Back to insights News

Oil prices rise on suspected tanker attack in Gulf of Oman

While tensions between Iran and the US are escalating, Boris Johnson is one step closer to moving into Number 10.

Centtrip: Trade war impact closer to home

Oil prices rose by as much as 4.5 per cent yesterday, 13 June after two tankers were struck in the Gulf of Oman, fuelling fears the industry could be caught up in escalating tensions between Iran and the US.

Iran has previously threatened to block the key oil artery in the Strait of Hormuz that one-fifth of the world’s supply travels through. Taiwan’s state oil refiner CPC Corporation said one of the tankers was “suspected of being hit by a torpedo”. The latest incident comes shortly after two Saudi Arabian tankers were sabotaged in the same area.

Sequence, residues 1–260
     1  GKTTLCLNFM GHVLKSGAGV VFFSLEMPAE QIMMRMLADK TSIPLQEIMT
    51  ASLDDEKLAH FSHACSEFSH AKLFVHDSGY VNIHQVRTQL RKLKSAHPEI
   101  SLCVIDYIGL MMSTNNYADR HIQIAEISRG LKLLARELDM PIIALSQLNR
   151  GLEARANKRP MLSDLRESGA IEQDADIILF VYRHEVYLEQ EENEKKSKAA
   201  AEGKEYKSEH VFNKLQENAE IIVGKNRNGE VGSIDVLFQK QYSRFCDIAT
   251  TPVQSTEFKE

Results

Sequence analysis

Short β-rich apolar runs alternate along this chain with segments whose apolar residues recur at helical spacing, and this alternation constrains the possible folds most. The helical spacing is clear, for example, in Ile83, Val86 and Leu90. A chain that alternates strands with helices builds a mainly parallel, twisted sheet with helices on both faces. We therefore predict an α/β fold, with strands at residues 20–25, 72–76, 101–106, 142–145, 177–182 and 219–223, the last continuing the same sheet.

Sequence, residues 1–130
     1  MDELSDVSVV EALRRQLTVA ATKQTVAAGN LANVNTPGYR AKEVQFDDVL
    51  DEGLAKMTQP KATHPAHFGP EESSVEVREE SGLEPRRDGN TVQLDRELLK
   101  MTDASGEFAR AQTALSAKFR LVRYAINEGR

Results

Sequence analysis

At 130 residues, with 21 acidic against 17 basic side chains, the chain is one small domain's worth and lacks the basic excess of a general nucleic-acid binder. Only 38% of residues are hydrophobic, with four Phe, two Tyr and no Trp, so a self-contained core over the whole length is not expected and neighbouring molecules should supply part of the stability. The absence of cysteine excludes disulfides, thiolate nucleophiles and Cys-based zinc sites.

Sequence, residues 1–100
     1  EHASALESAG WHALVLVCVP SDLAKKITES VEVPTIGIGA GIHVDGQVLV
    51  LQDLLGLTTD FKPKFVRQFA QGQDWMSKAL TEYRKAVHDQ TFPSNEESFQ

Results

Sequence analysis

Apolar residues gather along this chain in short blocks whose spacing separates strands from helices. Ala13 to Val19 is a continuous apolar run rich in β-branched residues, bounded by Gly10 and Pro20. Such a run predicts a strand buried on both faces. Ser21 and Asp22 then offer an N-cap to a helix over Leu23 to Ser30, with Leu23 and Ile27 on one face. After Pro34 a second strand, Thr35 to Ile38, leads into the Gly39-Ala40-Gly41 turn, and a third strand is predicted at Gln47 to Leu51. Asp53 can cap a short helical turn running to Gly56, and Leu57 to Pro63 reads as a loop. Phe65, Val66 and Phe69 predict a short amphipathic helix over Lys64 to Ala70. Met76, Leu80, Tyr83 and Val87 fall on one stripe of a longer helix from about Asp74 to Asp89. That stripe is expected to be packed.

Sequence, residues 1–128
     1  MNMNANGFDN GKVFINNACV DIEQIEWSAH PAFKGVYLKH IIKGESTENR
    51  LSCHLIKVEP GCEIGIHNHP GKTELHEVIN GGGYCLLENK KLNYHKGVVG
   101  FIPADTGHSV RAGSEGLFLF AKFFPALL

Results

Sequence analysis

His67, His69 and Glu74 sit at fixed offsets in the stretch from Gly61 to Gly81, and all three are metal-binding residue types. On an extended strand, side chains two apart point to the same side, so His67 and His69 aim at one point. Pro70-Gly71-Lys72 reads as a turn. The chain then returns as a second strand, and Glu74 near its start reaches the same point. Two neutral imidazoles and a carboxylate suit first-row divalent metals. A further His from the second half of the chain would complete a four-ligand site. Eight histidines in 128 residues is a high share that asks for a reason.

Brent crude rallied close to $63 a barrel, reversing the recent plunge in prices due to slowdown fears stemming from the US-Chinese trade war.

In the UK, Boris Johnson’s supporters called on his rivals to step down from the Conservative Party leadership election to speed up the process. Johnson received the backing of 114 peers in the first voting round, overtaking his nearest rival Jeremy Hunt by 71 votes. The next round is due next Tuesday, 18 June and it is likely that some of the rivals will step aside before then to allow the final two to be chosen ahead of time.

Today is pretty light on data releases. Bank of England Governor Mark Carney will give a speech at lunchtime, however, with the Monetary Policy Committee due to meet next week, Carney is unlikely to give away too many clues on the future path of its monetary policy and interest rates.

Related Insights

Trump’s trade war starts to take hold

China considers restricting exports of rare-earth metals


Data provided by

Related Insight

More Insights